1. WHALE WATCHING
All 2 million square kilometres of ocean surrounding the Cook Islands are a whale sanctuary – and from July to October you can't get closer to humpback whales. You don't even have to get on a boat to see humpbacks up close, on the north coast of Rarotonga (where the reef is closest to shore), whales come within a few hundred metres of shore. You'll also see them up close from bars and restaurants built along the waterfront of Rarotonga's sleepy capital, Avarua. Visit the Whale & Wildlife Centre run by a world-leading whale expert, +682 21666; cookislandswildlifecentre.com, or view them from a boat, bluewatertours.com
There's no better – or safer – place to hire a scooter. The speed limit in Rarotonga is a leisurely 50km/h (40km/h if you're not wearing a helmet), and there are no traffic lights, peak hours, or traffic jams. What's more, it's easy to navigate your way around, and the roadside views are spectacular – there's a bitumen road that follows the coast the entire way around the island, polynesianhire.co.ck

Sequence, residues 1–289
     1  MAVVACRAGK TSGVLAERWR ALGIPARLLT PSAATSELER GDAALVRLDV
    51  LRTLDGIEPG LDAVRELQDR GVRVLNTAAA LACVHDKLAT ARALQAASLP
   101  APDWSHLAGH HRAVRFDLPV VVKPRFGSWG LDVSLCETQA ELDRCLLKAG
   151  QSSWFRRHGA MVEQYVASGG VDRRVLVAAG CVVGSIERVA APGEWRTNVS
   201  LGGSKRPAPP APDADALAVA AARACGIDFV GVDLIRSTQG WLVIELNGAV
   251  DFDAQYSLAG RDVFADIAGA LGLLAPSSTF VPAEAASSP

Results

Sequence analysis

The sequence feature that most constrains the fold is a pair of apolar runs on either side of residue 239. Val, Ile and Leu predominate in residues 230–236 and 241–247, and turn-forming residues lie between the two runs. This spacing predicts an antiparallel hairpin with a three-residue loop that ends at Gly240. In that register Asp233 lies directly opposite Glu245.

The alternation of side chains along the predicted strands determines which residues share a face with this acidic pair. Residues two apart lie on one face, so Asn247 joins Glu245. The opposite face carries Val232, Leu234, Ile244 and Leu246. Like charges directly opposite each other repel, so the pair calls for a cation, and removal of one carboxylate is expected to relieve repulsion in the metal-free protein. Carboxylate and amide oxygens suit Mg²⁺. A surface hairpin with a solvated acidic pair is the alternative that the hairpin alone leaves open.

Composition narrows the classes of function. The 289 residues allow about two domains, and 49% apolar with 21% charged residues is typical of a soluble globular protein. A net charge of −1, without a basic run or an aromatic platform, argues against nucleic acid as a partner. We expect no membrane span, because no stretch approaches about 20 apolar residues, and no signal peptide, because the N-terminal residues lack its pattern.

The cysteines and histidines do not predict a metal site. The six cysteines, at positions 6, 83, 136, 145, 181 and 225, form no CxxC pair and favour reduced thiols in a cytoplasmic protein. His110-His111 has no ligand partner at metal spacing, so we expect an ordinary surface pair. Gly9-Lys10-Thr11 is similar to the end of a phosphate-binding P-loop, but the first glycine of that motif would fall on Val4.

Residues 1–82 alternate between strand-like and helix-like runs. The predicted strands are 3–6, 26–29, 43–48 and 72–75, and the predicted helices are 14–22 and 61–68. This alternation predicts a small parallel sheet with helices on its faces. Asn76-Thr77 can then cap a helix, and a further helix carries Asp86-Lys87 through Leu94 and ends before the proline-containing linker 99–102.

TO READ ALL 20 REASONS, CLICK HERE FOR THE FULL ARTICLE.
Craig Tansley is a freelance travel writer based in Melbourne, Australia. Craig grew up in the Cook Islands and travels throughout Polynesia and the South Pacific each year. He now writes for many of Australia’s most prestigious newspapers and magazines – writing regularly for everyone from the Australian Financial Review to the Sydney Morning Herald and International Traveller.